The death yesterday of Harold Ramis, the co-writer and co-star of Ghostbusters, has prompted encomiums for the iconic 1980s film.
Ghostbusters is a favorite of mine as well. But I just can’t believe how few people recognize the movie—which was released 30 years ago this June—for what it is: a Reaganite carnival of ideological triumph.
Ghostbusters isn’t about ghosts. (Well, it kind of is.) But it’s also about the power of the US private sector and the magic of market discipline to transform anyone—even effete, over-educated academics—into heroes. Just watch.
It’s hard to believe Ghostbusters was intended to be a pro-business, anti-government polemic. Dan Aykroyd co-wrote the film with Ramis, whose previous flicks—such as Animal House, Stripes, Caddyshack—are filled with liberal digs at establishment authority figures.
But the Ivan Reitman masterpiece was made in a certain time and place. And the movie is worth reconsidering now—almost three decades after its release—if only because it so perfectly captured one of the rare moments when the supertanker of American public opinion clearly changes course.
When Ghostbusters was released in June 1984, Ronald Reagan’s landslide re-election victory to a second term as president was still a few months away. But the ideological ascent of Reagan-style conservatism—cuts to taxes and social programs, boosts for military spending and heaping helpings of anti-government rhetoric—was nearly complete. And Ghostbusters is stuffed with Reaganomics. This scene has several references.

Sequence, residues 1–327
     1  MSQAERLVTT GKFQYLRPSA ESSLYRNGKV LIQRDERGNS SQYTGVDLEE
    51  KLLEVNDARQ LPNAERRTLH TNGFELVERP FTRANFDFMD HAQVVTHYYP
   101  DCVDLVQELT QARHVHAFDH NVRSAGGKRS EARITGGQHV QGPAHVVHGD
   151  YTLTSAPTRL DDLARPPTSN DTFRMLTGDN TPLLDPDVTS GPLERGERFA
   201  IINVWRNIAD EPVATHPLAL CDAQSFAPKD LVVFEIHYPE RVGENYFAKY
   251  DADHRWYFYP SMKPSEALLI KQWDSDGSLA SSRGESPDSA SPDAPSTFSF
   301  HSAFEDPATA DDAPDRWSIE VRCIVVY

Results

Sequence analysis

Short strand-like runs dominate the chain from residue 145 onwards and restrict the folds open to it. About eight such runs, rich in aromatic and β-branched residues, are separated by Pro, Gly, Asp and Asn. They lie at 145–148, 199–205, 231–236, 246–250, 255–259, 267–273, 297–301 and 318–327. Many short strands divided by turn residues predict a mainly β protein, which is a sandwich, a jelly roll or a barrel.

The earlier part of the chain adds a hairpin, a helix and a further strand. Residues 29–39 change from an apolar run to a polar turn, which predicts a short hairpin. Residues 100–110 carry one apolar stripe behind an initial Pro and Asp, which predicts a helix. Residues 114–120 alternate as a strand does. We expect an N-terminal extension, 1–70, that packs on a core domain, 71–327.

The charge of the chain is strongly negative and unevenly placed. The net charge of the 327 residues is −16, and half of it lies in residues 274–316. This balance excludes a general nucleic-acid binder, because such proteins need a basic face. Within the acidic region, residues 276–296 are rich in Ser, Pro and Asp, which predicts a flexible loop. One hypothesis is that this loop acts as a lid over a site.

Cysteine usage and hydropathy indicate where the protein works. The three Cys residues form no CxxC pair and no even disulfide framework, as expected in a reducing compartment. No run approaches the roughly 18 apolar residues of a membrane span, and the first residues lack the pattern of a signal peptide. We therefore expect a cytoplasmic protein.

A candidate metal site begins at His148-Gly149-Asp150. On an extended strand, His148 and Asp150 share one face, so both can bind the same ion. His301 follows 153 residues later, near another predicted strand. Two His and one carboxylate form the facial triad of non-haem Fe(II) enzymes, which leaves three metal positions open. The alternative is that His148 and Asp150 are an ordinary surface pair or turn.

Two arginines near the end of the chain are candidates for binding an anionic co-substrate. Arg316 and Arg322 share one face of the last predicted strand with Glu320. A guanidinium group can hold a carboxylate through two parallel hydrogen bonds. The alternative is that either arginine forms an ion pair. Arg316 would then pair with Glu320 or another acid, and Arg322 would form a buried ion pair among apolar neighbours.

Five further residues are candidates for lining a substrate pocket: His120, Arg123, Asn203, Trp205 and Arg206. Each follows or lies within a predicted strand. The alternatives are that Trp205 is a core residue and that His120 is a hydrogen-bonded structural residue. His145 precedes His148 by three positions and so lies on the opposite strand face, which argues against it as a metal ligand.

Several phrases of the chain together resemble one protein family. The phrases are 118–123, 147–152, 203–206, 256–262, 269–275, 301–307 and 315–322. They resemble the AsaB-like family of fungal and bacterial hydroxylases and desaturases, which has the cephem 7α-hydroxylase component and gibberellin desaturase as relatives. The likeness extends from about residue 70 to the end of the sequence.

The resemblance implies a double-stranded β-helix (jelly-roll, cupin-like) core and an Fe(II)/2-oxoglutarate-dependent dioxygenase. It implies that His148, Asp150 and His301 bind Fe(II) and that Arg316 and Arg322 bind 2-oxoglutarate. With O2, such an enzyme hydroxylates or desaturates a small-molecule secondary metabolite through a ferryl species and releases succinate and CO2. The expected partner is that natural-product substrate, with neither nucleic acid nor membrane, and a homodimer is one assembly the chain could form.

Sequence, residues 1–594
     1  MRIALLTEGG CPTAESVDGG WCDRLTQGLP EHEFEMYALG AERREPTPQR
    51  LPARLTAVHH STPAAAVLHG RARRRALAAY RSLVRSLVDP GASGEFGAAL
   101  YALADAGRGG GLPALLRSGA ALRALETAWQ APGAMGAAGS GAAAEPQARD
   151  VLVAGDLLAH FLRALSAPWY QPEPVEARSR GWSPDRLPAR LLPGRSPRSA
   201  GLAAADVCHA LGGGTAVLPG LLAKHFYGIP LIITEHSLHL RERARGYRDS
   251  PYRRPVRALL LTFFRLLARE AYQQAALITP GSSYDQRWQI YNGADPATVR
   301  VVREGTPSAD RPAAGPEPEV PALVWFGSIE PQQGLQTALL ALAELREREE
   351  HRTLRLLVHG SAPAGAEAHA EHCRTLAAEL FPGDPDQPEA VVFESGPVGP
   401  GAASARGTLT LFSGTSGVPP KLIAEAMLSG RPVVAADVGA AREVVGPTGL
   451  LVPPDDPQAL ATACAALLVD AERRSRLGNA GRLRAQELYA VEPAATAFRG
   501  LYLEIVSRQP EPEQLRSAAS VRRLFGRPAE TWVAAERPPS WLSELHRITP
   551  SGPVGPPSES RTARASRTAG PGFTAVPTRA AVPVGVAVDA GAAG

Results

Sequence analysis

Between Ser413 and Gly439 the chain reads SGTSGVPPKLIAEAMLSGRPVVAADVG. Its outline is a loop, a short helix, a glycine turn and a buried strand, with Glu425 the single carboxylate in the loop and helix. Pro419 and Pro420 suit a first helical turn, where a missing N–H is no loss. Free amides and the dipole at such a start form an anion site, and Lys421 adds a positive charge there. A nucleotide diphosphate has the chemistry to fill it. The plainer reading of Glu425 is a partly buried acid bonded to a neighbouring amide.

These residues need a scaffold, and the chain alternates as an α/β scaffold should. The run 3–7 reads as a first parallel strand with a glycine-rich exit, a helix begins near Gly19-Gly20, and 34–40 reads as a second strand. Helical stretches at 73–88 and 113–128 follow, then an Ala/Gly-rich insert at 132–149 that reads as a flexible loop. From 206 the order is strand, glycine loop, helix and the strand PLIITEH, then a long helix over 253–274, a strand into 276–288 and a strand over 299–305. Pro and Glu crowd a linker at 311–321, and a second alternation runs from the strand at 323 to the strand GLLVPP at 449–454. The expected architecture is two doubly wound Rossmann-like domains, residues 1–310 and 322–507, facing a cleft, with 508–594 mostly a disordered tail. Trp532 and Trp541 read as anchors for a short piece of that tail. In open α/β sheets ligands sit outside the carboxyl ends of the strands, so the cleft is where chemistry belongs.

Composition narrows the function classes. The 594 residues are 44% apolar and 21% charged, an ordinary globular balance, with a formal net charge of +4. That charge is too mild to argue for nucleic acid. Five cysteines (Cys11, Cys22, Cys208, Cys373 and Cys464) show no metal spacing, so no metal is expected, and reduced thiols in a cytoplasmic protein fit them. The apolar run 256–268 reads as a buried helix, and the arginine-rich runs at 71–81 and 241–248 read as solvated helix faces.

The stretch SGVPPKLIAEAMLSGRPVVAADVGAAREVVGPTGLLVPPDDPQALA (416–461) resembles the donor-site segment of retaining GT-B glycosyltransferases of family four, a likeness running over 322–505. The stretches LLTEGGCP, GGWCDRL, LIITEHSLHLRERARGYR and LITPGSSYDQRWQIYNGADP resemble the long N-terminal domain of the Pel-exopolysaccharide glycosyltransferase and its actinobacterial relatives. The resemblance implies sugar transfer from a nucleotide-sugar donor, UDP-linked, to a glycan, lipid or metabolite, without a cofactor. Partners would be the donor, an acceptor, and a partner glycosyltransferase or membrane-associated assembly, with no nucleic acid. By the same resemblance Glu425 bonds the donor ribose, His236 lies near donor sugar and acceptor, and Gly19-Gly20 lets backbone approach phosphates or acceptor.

Shaky lending from banks that were increasingly lightly regulated under Reagan sent US household debt levels soaring after he took office. Economic growth in the 1980s was fueled in part by a burst of consumer debt and bad banking practices—culminating in the savings and loan collapse—that looks pretty familiar. That’s exactly how the Ghostbusters got the financing they need to open. One can’t help but wonder about the underwriting standards at Manhattan City Bank that enabled the Ghostbusters to get a loan.
Dr. Venkman’s elevator pitch on paranormal eliminations as a potential player in the defense industry shouldn’t be glossed over either, as defense spending boomed under Reagan, helping to drive the US deficit to heights previously seen only during wartime.
It would have been hard to imagine this kind of upbeat flick resonating with Americans if it had been released 18 months earlier. In December 1982, unemployment was hanging around 11%, the highest since the Great Depression. While down from the peaks of the 1970s, inflation was still eating deeply into American incomes. When pollsters asked Americans that month if the US was going in the right direction, or was off track, only 36% thought the US was in “drive” rather than “reverse.” Even though president Jimmy Carter had been booted from office in 1980, the country was still mired in the malaise that was associated with his administration.
And yet, by October 1984—on the eve of the presidential vote—America had radically regained its mojo, with 61% of Americans responding that things in the country were moving in the right direction.
Well there’s a few answers: A surge in patriotic sentiment surrounding the 1983 US invasion of Grenada. The pageantry of the 1984 cross-country torch relay, which carried the Olympic flame to Los Angeles, the site of 1984 summer games, might have played a part. (As did the dominance of the US in those Soviet-boycotted games.) And, who knows, perhaps Ghostbusters, the biggest grossing film of the year, just generally put people in a good mood.